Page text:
George Bush declared yesterday that America would not be cowed by violent resistance and mounting troop losses in Iraq, and vowed to press on to "total victory" in the war against terrorism, however long it took.
In a vigorous and uncompromising defence of his increasingly contested Iraq policies, Mr Bush said that to retreat in the face of terror would only invite further and bolder attacks. "There will be no retreat," he said. "We are on the offensive against the Saddam loyalists, the foreign fighters and criminal gangs."
Addressing American Legion veterans in St Louis, Mr Bush presented the war in Iraq as a mere chapter in the wider struggle against terrorism. Unabashed by the continuing failure to find any nuclear, chemical or biological weapons in Iraq, he insisted that the "liberation" of Iraq had removed a regime which "built, used and possessed" weapons of mass destruction.
Mr Bush made clear too that America would carry the fight to the terrorists, in line with the post-11 September military doctrine of pre-emptive action to eliminate a perceived threat to US security. It was facing a new kind of war, he said: "We will not wait for known enemies to strike us again." Mr Bush's trenchant, almost swaggering talk, came on the day of a grisly milestone the death of two more US soldiers, one in a roadside ambush in the suburbs of Baghdad, in which two other servicemen were seriously injured. The casualties mean more troops have now been lost since the President proclaimed an end to major combat on 1 May than during the conflict proper. The US death toll in postwar Iraq now stands at 140, two more than the total killed during the invasion itself. Of those who died since, some 66 have perished in ambushes in a growing guerrilla war.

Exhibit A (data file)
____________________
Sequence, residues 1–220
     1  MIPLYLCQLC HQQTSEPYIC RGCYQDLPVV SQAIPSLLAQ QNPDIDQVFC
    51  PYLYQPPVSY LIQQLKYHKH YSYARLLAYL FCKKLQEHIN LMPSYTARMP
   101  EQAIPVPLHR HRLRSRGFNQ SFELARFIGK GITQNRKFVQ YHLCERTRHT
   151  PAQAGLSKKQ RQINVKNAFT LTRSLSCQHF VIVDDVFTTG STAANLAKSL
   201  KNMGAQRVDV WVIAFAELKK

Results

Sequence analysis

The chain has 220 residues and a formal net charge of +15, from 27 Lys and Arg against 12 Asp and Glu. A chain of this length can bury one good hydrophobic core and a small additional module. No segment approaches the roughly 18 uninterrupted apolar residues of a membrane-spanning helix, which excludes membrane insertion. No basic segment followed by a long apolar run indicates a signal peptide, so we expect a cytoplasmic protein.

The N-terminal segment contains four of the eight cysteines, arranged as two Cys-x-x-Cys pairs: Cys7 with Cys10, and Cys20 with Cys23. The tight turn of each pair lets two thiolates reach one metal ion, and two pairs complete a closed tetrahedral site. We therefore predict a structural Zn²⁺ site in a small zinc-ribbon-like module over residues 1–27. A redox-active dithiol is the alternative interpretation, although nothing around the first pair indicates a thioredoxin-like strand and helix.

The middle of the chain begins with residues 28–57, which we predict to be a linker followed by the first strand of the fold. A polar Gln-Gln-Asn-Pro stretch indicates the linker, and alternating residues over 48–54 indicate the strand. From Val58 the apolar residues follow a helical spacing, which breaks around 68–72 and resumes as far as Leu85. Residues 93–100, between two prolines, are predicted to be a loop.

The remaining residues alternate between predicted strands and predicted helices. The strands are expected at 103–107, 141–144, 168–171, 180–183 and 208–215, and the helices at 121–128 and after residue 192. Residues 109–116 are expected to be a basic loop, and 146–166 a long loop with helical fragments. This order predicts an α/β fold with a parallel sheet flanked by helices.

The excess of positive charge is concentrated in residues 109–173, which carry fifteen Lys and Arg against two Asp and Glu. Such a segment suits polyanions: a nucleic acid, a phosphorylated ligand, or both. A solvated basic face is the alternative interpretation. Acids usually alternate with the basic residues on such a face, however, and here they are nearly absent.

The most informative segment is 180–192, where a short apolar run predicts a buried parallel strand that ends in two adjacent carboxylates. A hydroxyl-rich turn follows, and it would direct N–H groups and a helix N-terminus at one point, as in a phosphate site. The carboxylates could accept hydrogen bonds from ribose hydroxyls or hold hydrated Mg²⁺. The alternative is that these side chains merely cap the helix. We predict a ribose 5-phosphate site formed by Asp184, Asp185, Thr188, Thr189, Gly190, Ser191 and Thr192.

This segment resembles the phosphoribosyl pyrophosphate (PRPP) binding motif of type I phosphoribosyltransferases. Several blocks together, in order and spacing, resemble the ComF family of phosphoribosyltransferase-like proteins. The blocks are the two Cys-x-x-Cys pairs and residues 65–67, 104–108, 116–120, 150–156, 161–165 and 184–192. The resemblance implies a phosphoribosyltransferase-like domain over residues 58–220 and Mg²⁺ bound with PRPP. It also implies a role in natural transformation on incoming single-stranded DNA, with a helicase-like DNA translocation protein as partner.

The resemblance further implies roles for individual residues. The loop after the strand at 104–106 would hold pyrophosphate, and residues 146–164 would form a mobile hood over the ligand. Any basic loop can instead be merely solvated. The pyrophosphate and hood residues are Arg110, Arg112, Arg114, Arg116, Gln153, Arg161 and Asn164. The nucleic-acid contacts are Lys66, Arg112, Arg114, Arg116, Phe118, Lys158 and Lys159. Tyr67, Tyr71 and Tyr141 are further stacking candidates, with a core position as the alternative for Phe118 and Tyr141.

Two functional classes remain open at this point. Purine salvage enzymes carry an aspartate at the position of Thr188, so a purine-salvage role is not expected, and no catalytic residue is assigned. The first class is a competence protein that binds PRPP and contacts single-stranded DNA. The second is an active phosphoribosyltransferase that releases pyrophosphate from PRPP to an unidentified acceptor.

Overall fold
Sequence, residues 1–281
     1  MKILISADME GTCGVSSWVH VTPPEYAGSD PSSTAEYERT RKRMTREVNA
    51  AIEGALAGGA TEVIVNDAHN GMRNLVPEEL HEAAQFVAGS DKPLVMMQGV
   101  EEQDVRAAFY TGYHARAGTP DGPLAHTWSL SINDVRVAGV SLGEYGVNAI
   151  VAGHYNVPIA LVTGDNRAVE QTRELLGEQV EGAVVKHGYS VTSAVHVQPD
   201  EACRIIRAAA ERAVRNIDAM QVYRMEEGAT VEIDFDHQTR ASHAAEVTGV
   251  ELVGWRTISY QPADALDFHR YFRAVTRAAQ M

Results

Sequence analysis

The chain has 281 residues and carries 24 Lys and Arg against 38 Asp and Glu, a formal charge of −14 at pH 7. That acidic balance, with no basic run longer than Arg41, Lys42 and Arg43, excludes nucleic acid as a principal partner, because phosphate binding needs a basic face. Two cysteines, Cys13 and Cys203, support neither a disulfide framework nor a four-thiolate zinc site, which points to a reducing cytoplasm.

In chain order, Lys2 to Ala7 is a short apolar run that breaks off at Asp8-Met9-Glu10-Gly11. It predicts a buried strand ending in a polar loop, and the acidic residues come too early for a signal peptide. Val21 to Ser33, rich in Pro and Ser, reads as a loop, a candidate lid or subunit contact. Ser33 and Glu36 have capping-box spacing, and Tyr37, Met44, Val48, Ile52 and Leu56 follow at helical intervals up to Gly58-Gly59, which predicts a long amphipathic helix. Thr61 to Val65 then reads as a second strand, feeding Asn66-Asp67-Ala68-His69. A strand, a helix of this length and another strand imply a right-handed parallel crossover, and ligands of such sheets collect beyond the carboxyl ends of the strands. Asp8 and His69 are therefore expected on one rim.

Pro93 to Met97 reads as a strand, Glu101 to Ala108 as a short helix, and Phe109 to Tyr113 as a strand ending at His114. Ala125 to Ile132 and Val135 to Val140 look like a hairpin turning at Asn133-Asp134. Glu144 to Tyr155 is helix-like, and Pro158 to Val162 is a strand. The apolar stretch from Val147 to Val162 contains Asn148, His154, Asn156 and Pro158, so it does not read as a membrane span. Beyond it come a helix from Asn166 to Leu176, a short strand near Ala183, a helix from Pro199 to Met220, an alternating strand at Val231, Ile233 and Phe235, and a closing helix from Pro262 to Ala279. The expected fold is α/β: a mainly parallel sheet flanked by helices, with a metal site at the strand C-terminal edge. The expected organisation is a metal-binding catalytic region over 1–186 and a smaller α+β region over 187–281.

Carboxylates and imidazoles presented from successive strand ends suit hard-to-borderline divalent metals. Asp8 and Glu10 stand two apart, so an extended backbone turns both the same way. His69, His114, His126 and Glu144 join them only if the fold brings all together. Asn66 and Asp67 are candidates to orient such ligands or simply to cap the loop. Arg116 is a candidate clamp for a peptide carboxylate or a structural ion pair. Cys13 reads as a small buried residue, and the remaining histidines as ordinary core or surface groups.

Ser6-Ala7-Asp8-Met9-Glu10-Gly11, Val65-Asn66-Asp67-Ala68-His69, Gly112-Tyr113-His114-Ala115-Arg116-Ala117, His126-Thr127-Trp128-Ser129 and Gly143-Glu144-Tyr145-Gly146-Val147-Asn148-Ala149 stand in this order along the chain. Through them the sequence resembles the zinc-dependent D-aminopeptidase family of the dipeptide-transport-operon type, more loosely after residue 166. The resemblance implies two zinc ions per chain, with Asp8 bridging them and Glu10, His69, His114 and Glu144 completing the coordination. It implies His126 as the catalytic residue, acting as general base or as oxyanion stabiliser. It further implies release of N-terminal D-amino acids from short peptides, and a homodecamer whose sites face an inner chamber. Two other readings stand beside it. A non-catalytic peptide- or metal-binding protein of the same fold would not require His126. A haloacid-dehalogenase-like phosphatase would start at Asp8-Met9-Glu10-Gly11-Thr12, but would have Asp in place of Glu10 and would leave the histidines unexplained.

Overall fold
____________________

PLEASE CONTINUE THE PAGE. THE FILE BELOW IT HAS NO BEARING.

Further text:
The White House and the Pentagon insist that the resistance is the work of a tiny minority of Saddam loyalists, helped by foreign terrorists who have slipped into the country to harry the occupying Americans. But Donald Rumsfeld, the Defence Secretary, insisted on Monday that the US had enough troops in Iraq, maintaining that the current violence up to a dozen attacks a day on American forces was "a spike."
Picking up the same theme, Mr Bush claimed that in most of Iraq, solid progress was being made in reconstruction and restoring civil order. The creation of a democratic Iraq in the heart of the Middle East would bring rewards akin to those from the rebuilding of Germany and Japan after the Second World War. But he warned the job would require "a substantial commitment of time and resources" and "hard and sustained effort".
Mr Bush's intransigence is reflected in the administration's unyielding diplomatic stance, despite growing demands from Democrats and others for greater UN involvement in postwar Iraq.
Faced with stiff resistance on the Security Council, Washington yesterday seemed close to abandoning its quest for a new UN resolution sanctioning the deployment of additional foreign forces in Iraq for which Colin Powell, the Secretary of State, made a powerful plea in the wake of the Baghdad car bomb attack.
John Negroponte, the US ambassador to the UN, has admitted that the Council was "nowhere near" agreeing a resolution, while Richard Armitage, the deputy secretary of state, hinted yesterday that the administration might drop the idea entirely.
The dispute is over the role of the UN in any expanded international peace-keeping force in Iraq. Many countries are unwilling to commit troops to occupation without the blessing of the UN, which Washington ignored in the build-up to the war that began on 20 March. Despite the growing difficulties, Washington insists it must remain in charge, even after a UN resolution. If American commanders asked for more troops they would be sent, Mr Rumsfeld said, but no request had been made.
Meanwhile, two other humanitarian groups, Oxfam and Save the Children UK, followed the Red Cross yesterday in announcing cuts in their operations in Iraq, blaming inadequate security.